Vincent Darrigrand defended his PhD

“Goal-oriented adaptivity using unconventional error representations”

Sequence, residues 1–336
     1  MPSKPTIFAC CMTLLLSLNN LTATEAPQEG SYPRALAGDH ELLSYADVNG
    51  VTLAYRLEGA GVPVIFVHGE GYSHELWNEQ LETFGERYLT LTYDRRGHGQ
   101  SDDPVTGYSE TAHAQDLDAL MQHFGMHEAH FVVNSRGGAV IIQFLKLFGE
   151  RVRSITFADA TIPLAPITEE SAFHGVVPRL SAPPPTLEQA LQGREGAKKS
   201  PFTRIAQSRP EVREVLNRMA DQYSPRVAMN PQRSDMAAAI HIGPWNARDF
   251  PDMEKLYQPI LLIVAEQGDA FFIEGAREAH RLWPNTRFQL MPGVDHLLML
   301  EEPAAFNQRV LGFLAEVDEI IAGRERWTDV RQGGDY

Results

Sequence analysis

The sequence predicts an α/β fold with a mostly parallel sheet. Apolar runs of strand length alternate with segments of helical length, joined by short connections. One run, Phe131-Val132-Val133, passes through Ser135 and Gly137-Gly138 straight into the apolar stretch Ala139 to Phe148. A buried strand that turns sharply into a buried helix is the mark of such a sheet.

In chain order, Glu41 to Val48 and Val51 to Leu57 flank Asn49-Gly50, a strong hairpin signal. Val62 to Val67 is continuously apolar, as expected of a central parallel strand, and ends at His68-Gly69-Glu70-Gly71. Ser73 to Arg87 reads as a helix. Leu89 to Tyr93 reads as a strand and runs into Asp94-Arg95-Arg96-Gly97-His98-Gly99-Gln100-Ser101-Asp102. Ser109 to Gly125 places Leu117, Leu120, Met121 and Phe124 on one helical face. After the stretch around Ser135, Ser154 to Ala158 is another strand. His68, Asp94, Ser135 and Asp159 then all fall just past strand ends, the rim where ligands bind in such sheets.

In Goal-Oriented Adaptivity (GOA), the error in a Quantity of Interest (QoI) is represented using global error functions of the direct and adjoint problems. This error representation is subsequently bounded above by element-wise error indicators that are used to drive optimal refinements. In this work, we propose to replace, in the error representation, the adjoint problem by an alternative operator. The main advantage of the proposed approach is that, when judiciously selecting such alternative operator, the corresponding upper bound of the error representation becomes sharper, leading to a more efficient GOA. These representations can be employed to design novel h, p, and hp energy-norm and goal-oriented adaptive algorithms. While the method can be applied to a variety of problems, in this Dissertation we first focus on one-dimensional (1D) problems, including Helmholtz and steady state convection-dominated diffusion problems. Numerical results in 1D show that for the Helmholtz problem, it is advantageous to select the Laplace operator for the alternative error representation. Specifically, the upper bounds of the new error representation are sharper than the classical ones used in both energy-norm and goal-oriented adaptive methods, especially when the dispersion (pollution) error is significant. The 1D steady state convection-dominated diffusion problem with homogeneous Dirichlet boundary conditions exhibits a boundary layer that produces a loss of numerical stability. The new error representation based on the Laplace operator delivers sharper error upper bounds. When applied to a p-GOA, the alternative error representation captures earlier the boundary layer, despite the existing spurious numerical oscillations. We then focus on the two- and three-dimensional (2D and 3D) Helmholtz equation. We show via extensive numerical experimentation that the upper bounds provided by the alternative error representations are sharper than the classical ones. When using the alternative error indicators, a naive p-adaptive process converges, whereas under the same conditions, the classical method fails and requires the use of the so-called Projection Based Interpolation (PBI) operator or some other technique to regain convergence. We also provide guidelines for finding operators delivering sharp error representation upper bounds.


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